It might have a French name but this glitzy import’s heart is in New York's Meatpacking District, where the original restaurant is famous for its brunch parties; this London outpost joins existing Bagatelles in Dubai, Miami, Punta del Este and St Barthélemy (among others). Mayfair feels almost dowdy in comparison.
Interiors are much as you’d expect from a restaurant group with such a luxurious heritage. Plush blue velvet booths line the room, intricate chandeliers hang from the ceiling and Damien Hirst artworks scale the walls. Needless to say, this is not somewhere to come in search of a cheap eat: there’s a seafood platter for £450 and a Methuselah of Dom Pérignon will set you back £80,000.
In other ways, though, Bagatelle doesn’t conform to expectations. Just take the (impossibly attractive) staff, who are sweet rather than snooty and very well-versed on the menu. We were also pleasantly surprised by the standard of the cooking – people might be coming here to party, but the food is far better than mere stomach-lining.
The sharing menu kicks off with smaller dishes such as a quartet of tender Angus beef sliders, slathered with decadent toppings including sautéed foie gras and black truffle mayonnaise. Elsewhere are pillowy pellets of homemade gnocchi and a creamy helping of burrata pepped up with fresh tomato.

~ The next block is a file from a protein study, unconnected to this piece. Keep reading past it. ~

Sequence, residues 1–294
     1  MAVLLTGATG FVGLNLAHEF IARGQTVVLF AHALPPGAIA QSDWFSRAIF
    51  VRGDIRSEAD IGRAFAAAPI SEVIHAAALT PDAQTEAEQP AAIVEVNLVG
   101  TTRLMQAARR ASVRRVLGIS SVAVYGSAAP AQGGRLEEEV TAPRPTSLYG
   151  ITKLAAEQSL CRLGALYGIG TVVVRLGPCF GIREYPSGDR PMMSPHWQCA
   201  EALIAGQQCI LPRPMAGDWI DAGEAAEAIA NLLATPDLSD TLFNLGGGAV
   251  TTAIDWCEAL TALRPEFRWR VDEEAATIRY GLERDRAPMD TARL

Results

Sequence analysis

To follow, diners are encouraged to order one of the larger sharing dishes, which easily fed our party of four. The whole grilled lobster linguine (de-shelled and served at the table) was a decadent treat of seafood chunks and juicy tomatoes entwined in ribbons of soft pasta. Desserts are more low-key; we’d recommend the light-as-air raspberry mousse served with a scoop of pistachio ice cream.
If you want the full, over-the-top Bagatelle experience, it’s best to visit in the latter half of the week, when French-themed parties and raucous brunches are the order of the day. A Mayfair party palace this may be, but it’s one with more substance than you’d expect.